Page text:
The Cauvery basin (refer to Figure 3) originates in Karnataka and flows through Tamil Nadu and Puducherry before flowing into the Bay of Bengal.[47] The dispute between Tamil Nadu and Karnataka dates back to the 19th century and lies mainly in two agreements between the Madras Presidency (which comprised Karnataka) and the Kingdom of Mysore (which comprised Tamil Nadu).[48] The 1892 agreement defines the terms under which the Kingdom of Mysore was to construct the Krishnarajasagar dam in the Cauvery River and to expand the irrigation system in both States;[49] the 1924 agreement relates to the irrigation development of the Cauvery River.[50] Both agreements are based upon the principle of “no significant harm” to the downstream state. The dispute between the states worsened when the government of Karnataka began constructing self-funded dams across the tributaries of the Cauvery in 1967-68 without the appropriate approvals from Tamil Nadu or the Central Water Commission of India.[51] Tamil Nadu deemed the construction of these dams in direct violation of the 1892 agreement, and formally requested for adjudication and later filed a suit in the Supreme Court in 1970.[52]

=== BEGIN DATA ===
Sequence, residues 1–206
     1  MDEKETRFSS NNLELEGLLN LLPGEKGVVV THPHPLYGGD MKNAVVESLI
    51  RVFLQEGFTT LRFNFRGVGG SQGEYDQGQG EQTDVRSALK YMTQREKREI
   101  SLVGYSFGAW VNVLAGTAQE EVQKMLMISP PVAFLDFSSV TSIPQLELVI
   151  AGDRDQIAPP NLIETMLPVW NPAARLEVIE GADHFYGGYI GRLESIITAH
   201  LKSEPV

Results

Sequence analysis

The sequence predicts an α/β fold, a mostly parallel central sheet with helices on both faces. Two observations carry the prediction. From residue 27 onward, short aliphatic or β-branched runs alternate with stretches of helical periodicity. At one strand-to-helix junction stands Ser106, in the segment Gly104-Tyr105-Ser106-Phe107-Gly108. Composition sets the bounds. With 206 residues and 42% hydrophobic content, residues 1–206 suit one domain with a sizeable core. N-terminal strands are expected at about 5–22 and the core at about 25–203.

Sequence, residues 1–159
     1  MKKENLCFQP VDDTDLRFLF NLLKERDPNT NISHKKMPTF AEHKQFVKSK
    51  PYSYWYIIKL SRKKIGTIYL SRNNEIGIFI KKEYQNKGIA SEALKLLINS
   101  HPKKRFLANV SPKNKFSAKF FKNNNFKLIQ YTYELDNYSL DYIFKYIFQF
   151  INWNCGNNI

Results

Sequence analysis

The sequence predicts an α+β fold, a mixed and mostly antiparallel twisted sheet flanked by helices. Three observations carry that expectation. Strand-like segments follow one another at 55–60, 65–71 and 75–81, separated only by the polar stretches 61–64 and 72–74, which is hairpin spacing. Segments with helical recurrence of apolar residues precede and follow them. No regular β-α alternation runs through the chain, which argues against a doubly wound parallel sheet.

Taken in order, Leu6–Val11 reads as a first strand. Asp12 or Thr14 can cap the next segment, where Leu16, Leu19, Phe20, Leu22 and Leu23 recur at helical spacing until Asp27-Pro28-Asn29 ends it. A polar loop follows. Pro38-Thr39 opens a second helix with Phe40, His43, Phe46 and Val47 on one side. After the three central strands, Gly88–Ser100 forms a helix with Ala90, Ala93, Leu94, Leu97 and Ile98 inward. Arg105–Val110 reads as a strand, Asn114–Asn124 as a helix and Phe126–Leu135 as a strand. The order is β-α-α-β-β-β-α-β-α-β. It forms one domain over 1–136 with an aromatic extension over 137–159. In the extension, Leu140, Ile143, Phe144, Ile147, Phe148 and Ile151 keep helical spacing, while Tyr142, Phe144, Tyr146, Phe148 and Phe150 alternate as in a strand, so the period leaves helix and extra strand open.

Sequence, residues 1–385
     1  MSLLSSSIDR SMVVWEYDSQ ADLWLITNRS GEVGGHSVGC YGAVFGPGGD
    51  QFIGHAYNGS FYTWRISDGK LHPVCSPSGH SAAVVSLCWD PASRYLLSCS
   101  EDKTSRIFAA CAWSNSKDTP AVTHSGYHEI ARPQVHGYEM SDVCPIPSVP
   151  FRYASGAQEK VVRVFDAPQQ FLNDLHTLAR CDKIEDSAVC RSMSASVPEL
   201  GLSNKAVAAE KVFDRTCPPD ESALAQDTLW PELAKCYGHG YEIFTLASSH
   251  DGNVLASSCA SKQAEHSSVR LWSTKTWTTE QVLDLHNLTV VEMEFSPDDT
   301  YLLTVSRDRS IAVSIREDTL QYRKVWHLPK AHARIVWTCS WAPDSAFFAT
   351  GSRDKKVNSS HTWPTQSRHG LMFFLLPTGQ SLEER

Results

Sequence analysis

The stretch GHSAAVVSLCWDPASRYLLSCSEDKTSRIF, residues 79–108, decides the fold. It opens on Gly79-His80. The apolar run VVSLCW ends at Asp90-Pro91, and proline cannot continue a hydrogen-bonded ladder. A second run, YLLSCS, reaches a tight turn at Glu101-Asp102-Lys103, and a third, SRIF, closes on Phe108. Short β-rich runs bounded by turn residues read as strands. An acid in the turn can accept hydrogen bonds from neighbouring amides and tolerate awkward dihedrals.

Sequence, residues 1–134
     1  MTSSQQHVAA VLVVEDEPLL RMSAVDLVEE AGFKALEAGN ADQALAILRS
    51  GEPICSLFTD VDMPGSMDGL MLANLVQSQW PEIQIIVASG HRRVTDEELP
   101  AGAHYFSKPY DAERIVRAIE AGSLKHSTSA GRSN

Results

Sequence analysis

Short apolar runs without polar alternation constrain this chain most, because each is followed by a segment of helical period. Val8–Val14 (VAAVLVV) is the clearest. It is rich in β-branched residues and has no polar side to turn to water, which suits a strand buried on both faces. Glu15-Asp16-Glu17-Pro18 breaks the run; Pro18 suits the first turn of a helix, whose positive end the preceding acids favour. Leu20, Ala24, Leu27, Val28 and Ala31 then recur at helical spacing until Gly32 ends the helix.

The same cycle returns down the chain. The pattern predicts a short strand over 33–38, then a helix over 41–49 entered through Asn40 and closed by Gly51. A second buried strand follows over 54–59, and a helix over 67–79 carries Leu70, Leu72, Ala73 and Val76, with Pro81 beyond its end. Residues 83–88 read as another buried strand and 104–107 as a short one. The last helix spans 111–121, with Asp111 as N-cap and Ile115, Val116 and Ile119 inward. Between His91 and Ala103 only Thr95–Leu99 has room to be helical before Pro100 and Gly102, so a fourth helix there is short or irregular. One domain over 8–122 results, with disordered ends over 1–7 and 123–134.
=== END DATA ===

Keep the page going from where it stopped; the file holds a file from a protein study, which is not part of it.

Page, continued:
Unsuccessful negotiations continued between the two states and in 1972 the Cauvery Fact Finding Committee compiled a report that led to draft proposals by the Government of India, eventually rejected by both states.[53] Informal and formal negotiations between the two states continued and in 1990 the government of India created the Cauvery Water Dispute Tribunal (CWDT) to mediate the dispute.[54] Unrest and protests erupted when the monsoon was unfavorable in the period of 1995-96 and later in 2002. The CWDT reached a final verdict in 2007, which established the following: Tamil Nadu would receive 419 TMC (one thousand million cubic feet), Karnataka 270 TMC, Kerala 30 TMC, and Puducherry 7 TMC.[55] This requires Karnataka to release 192 TMC to Tamil Nadu according to a monthly schedule.[56] Both Tamil Nadu and Karnataka challenged the  decision of the CWDT, and the issue was brought to the Supreme Court, which heard the case on January 4th, 2017. Tensions continue to rise in both states, with widespread protests and civil unrest ensuing in both.